Multi-sport athlete Jonathan Lynch choses fastpitch

Written by Bob on June 26th, 2013

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Jonathan Lynch shows his speed as he races around the bases at the 29th Annual Kelso Klassic tournament where he was selected the Most Valuable Player. Contributed Photo

CAPE GIRARDEAU, MO – Sporting choices – young Jonathan Lynch has so many. Soccer? Yes. Baseball and basketball? Certainly.

And fastpitch softball? Most definitely.

The 19-year-old Lynch has played all four sports. He excelled in soccer, basketball and baseball in high school, and he recently finished his freshman year of baseball at Lyon College in Batesville, Arkansas.

But he’s set aside this summer for a sport he professes to love – fastpitch softball. And if his performance in the 14-team, 29th Annual Kelso Klassic tournament, June 8-9, is any indication, he’s off to a great start.

TOUGH OUT MVP
Lynch, who plays first base and outfield for Kelso Fastpitch, lit up some pretty good pitchers to the tune of a .667 batting average (8-for-12), four RBIs, one double, two triples and three stolen bases.

And when the awards were handed out, Lynch carted off the Most Valuable Player trophy. And well-deserved said tournament media coordinator, Jerry Wolsey, who also plays for Kelso Fastpitch (12-4), winner of two tournaments.

“He had an outstanding tournament. His stats were against some of the top pitchers in the tournament,” Wolsey said.

Wolsey recalls twice where Lynch proved himself against two top pitchers. Kelso fell behind, 6-0, to tournament champion Pete’s Blues and pitcher Jeramie Holman (NAFA Hall of Fame member). But Lynch hit a rocket off Holman that ignited the Kelso offense in the semi-finals.

“Jonathan hit one off the fence and it was almost a home run,” Wolsey said. “We scored four runs and he brought us up off the mat.” And, added Wolsey, in a Sunday elimination game trailing the Topeka Toros and pitcher Josh Pettett, 1-0, Lynch drilled a double down the third base line that brought home the tying run from second base.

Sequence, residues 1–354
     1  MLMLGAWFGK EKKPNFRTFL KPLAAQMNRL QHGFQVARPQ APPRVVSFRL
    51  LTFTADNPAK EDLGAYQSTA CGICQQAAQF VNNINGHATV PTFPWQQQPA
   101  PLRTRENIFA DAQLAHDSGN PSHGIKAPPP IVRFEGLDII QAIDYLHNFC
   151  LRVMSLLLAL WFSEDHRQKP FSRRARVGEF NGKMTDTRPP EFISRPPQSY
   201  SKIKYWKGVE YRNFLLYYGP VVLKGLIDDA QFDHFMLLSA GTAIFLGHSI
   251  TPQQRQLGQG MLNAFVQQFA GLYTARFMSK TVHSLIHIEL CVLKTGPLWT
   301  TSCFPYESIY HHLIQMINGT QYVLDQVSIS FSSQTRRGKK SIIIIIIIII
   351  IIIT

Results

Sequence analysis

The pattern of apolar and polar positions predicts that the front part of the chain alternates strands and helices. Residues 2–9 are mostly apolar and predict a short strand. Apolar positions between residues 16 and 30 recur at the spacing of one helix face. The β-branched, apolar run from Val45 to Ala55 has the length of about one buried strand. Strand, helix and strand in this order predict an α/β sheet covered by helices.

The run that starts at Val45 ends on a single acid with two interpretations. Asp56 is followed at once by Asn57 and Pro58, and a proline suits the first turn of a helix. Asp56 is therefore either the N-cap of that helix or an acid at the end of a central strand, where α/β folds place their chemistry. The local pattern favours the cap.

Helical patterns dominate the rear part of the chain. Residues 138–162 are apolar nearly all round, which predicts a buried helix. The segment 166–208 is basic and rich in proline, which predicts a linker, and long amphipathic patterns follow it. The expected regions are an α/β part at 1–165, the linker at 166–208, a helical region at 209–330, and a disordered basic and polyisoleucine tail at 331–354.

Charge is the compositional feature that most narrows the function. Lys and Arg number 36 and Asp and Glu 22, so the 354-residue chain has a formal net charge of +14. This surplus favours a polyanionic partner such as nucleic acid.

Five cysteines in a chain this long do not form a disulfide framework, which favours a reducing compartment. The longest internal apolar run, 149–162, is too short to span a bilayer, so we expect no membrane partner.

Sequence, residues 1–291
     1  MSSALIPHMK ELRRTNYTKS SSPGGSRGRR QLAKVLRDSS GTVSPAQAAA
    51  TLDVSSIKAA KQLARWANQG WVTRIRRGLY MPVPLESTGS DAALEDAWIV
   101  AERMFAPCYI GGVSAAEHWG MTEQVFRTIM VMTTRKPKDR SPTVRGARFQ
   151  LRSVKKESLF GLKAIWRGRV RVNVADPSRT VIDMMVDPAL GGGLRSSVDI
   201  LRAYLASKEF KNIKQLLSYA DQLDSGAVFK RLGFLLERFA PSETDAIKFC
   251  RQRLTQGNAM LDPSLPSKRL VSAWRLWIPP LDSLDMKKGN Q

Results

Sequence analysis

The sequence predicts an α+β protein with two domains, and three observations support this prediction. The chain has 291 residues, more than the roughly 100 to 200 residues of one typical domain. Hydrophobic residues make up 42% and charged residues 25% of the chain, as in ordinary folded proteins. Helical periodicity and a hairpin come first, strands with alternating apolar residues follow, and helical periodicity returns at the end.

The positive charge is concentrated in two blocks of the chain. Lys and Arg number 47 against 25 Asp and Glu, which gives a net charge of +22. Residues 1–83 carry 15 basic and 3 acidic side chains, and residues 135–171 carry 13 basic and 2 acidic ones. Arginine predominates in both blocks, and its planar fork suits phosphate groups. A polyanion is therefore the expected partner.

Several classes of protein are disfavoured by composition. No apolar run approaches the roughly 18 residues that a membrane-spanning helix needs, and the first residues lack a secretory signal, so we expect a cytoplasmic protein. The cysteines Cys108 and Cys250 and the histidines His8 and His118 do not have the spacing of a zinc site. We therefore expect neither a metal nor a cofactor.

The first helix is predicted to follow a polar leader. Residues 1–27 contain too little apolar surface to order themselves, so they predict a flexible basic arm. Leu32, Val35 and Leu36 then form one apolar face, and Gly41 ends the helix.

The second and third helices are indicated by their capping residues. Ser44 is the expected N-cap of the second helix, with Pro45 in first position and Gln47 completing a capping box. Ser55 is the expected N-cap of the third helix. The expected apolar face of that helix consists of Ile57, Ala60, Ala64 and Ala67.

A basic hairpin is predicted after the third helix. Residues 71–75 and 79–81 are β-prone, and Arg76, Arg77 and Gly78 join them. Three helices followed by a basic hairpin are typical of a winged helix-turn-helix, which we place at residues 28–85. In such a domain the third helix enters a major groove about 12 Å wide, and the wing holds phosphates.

“I just tried to get the bat on the ball and get it in play,” Lynch said. “Holman and Pettett move the ball with velocity and work all their pitches, and Holman mixes his change-up in well. I was fortunate to have a good tournament.”

A SEASON TO REMEMBER
As good as this season is going for Lynch, last season was pretty special too.

In 2012, Lynch played in the NAFA A-Major Division World Series with Kelso, and he was selected to the All-World team. And he and his Dad, Paul Lynch, both played for the Circle Tap Dukes of Denmark, Wisc. in the ASA Major Men’s National Tournament.

All this as an 18-year-old.

TEAM USA
Lynch also tried out for the 2012 USA Junior Men’s National Team. And after several tryout camps, he was selected to the 17-member squad that traveled to Parana, Argentina in November for the International Softball Federation (ISF) World Championship.Team USA (5-3) finished fifth in the 14-nation world championship, but young Lynch came away impressed.

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Jonathan Lynch, a member of the 2012 USA Junior Men’s National Team

“To see how some of these teams play was impressive,” Lynch said. “Canada, New Zealand, Australia, Japan and Argentina were the most impressive. I was fortunate to make the team; it was very competitive and a lot of fun with a great group of guys playing for the USA, representing our country.”

He also remembers the thrill of walking on to the ball diamond to take on host Argentina (9-0) that won the tournament.

“There were seven to eight thousand fans in the stands,” Lynch said. “It was so packed and loud from the cheering and screaming, I couldn’t hear (my teammates).”

Junior Men’s USA Softball coach Scott Standerfer (2005-current) saw plenty of Lynch during tryout camps and at the world championship. He commends Lynch for his physical and leadership skills, his character, and his ability to perform under pressure.

“Jonathan is one of those athletes who always performs his best in the biggest games,” said Standerfer. “He did a great job wherever we put him. He saved us several runs at first base with his quickness being able to get a ball hit down the line that most first basemen couldn’t think of getting to.